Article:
Until recently, researchers have not inspected the interplay between three common chemicals found in drinking water. Research from the McKelvey School of Engineering at Washington University in St. Louis has found they all affect each other and a closer look is needed.
Researchers at the McKelvey School of Engineering at Washington University in St. Louis found that the hazards of switching disinfectants in water systems — increased lead levels — can be mitigated if the change is done correctly.
In the right environment, a harmless mineral can do a lot to change the composition of the drinking water that flows through lead pipes. New research from the McKelvey School of Engineering discovers how.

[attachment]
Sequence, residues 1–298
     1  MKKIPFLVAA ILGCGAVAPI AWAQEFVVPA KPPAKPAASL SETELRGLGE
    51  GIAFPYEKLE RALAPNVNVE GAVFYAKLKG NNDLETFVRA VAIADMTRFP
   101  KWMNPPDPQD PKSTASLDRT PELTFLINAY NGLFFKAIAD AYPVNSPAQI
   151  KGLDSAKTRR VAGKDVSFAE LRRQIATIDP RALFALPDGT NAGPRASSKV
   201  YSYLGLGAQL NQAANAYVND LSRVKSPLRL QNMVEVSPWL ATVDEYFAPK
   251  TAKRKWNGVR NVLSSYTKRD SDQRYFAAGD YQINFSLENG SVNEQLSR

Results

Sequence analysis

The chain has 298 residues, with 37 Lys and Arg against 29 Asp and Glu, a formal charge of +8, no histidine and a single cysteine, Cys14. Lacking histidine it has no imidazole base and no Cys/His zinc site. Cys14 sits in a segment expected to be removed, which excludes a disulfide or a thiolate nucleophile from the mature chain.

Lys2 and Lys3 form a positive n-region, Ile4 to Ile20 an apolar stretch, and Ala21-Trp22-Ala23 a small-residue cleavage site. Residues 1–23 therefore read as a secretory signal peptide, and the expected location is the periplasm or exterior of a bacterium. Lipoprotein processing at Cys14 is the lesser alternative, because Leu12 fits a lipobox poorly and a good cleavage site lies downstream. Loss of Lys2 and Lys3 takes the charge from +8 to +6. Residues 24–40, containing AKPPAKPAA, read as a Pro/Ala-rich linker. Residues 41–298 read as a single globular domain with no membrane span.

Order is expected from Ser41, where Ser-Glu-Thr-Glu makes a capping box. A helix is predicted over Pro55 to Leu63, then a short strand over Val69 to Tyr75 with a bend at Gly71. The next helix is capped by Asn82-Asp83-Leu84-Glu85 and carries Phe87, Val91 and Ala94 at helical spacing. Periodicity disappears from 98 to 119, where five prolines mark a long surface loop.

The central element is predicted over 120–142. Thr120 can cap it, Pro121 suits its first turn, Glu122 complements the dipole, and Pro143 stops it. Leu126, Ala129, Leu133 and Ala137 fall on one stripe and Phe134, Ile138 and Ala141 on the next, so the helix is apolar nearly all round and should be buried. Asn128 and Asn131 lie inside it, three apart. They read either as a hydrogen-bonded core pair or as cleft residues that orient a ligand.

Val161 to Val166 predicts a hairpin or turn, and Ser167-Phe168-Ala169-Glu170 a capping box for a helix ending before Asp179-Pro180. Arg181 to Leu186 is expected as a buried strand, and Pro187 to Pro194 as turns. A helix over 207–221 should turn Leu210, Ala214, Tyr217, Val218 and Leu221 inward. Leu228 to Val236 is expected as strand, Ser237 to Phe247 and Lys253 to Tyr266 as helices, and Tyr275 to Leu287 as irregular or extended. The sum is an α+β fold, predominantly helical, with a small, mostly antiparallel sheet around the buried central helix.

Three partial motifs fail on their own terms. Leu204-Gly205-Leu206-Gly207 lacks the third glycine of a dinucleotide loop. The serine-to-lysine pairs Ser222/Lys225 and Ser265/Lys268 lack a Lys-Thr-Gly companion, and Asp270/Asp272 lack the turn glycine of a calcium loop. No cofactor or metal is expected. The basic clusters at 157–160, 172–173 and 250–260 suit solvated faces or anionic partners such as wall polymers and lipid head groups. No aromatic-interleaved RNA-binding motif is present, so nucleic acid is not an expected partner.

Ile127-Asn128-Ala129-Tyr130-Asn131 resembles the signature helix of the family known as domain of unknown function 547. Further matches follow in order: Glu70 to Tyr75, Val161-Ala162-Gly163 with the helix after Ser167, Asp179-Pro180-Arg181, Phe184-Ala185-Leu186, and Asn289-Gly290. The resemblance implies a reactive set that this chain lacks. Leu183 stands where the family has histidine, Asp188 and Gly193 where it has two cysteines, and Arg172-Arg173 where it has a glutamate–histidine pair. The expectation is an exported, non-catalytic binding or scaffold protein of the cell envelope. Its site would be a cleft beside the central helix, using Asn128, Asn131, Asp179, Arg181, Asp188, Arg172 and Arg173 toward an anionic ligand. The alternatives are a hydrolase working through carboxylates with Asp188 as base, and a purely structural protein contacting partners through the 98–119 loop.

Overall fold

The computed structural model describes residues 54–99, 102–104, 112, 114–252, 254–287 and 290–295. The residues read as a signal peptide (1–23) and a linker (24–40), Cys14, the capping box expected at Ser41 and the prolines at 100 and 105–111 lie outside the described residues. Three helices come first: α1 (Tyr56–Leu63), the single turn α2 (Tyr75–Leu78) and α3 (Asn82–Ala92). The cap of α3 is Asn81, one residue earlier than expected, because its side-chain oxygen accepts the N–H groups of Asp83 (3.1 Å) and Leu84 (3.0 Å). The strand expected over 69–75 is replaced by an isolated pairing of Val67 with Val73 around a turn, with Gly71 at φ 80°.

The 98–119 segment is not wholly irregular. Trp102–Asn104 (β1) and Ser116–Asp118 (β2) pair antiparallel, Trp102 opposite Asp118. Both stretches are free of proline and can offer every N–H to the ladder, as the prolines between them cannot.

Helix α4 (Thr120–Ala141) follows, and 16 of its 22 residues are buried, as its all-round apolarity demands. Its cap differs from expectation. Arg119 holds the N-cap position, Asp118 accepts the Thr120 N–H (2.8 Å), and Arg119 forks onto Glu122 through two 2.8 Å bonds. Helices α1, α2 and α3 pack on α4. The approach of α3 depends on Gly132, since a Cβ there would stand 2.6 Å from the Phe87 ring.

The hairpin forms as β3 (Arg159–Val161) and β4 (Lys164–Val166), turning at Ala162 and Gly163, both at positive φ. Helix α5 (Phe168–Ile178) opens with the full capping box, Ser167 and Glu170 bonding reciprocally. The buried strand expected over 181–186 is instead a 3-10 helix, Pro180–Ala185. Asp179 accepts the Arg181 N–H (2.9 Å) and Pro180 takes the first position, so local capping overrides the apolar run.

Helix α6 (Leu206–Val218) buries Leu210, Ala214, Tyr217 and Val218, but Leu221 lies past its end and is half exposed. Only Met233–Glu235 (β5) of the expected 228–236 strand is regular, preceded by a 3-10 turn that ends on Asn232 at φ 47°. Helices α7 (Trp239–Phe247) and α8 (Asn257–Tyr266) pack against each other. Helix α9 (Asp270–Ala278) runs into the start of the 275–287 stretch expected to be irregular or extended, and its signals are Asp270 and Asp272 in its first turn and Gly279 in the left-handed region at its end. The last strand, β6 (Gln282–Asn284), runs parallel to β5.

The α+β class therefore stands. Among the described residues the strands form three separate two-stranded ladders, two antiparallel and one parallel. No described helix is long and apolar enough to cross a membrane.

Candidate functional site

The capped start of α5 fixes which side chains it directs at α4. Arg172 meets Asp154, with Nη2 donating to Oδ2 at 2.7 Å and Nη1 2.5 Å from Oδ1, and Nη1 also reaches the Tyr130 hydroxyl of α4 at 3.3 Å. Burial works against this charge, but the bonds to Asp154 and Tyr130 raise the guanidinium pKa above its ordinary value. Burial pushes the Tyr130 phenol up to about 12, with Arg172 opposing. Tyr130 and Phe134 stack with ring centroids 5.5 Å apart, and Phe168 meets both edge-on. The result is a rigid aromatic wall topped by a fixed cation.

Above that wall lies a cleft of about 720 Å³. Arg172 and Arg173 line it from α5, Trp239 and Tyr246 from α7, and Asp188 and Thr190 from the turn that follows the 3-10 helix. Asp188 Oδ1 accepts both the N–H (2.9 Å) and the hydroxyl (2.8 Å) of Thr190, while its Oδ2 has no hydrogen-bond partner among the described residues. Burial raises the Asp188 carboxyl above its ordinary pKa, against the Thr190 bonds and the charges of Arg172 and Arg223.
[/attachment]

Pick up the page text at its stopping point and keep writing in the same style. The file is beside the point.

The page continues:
An engineer at Washington University in St. Louis has found a new way to neutralize the dangerous chemical chromium-6 in drinking water, making it safer for human consumption.
The National Science Foundation, along with the Water Research Foundation, has awarded a pair of Washington University in St. Louis researchers $229,000 in grants to study ways to best control lead pipe corrosion, which can poison drinking water. Daniel Giammar, the Walter E. Browne Professor of Environmental Engineering in the School of Engineering & Applied […]
Lead pipes once used routinely in municipal water distribution systems are a well-recognized source of dangerous lead contamination, but new research from Washington University in St. Louis suggests that the partial replacement of these pipes can make the problem worse. The research shows that joining old lead pipes with new copper lines using brass fittings spurs galvanic corrosion that can dramatically increase the amount of lead released into drinking water supplies.